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Addressing Gender Inequality in Healthcare
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Wednesday, 24 May 2023
Doors Open 19:30 | Event 20:00 - 22:30
De Niewe Anita

Frederik Hendrikstraat 111, 1052 HN Amsterdam

Join us for a thought-provoking discussion on the gender disparities in healthcare and the persistent misrepresentation of women.


We'll explore the impact of gender bias in healthcare, from diagnosis and treatment to research and policy.


Where is the difference?

Gender in academic and industry carriers

This session will be looking at the challenges of women and men during their carriers. Is there a difference in academia and industry? If we know what the challenges are, what can we do about it? We will put our own experiences into the focus, learn from it and exchange opportunities to make things better.

Julia Lischke

Program Manager



The promise of FemTech for a better women’s health

There is a persistent health gap exists between men and women. Several international indexes show that women worldwide have poorer health than men and less access to healthcare services and medicines. Even in the Netherlands. Eventhough women live longer then men, figures from the Dutch Emancipation Monitor show that women's life expectancy without physical limitations is shorter than men's, at 70.8 years compared to 73.5 years. Compared to men, they also feel less healthy and experience physical and have more often psychological problems. 'FemTech' -- apps, products and services for women's (reproductive) health -- promises to contribute positively to women's health, filling the gaps in medical care. The Rathenau Institute studied whether, and if so, how health technologies specific for women can reduce the differences in health (care) between men and women.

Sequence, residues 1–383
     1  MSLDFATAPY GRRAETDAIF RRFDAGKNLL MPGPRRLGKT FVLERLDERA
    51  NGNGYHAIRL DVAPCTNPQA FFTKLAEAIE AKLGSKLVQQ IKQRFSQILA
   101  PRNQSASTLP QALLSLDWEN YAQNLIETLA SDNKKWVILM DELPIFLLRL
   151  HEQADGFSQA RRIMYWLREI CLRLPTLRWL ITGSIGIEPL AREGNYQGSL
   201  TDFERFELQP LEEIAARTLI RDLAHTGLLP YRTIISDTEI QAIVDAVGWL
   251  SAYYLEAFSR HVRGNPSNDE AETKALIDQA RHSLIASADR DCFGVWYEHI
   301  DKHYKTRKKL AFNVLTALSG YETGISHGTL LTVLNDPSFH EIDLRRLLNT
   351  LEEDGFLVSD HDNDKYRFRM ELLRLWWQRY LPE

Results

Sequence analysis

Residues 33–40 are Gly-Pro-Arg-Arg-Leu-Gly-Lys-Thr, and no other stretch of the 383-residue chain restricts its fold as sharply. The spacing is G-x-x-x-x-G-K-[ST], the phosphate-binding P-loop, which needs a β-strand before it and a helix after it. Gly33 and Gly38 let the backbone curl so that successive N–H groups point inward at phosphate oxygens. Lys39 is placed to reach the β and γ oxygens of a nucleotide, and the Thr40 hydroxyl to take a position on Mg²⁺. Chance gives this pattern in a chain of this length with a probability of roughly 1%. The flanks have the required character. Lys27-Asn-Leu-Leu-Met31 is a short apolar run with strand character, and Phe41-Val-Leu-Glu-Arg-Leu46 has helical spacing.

Jaswina Elahi

Senior Researcher

Rathenau Institute


Does Size Matter?

On average, men are taller than women and weigh more, and the dimensions of their hearts and blood vessels are also slightly bigger. When men or women require surgery on their heart, the criteria for undergoing surgery are however the same for men and women. Is this OK?


Let’s take the example of patients whose main artery emerging from the heart (aorta) is abnormally large (thoracic aorta aneurysm). The larger your aorta is, the bigger the risk it tears or ruptures, which implies almost sudden death. Patients describe a thoracic aortic aneurysm often as walking around with a ticking time bomb in your chest. During this talk we will explore male-female differences in thoracic aortic aneurysm: are their differences between men and women in disease diagnosis, progression, and outcome? Do they get the same surgical treatment? And how do they cope with this horrible disease?

Hanneke Takkenberg

Environmental Psychologist | Marketing Manager

Northern Netherlands Plastic Foundation

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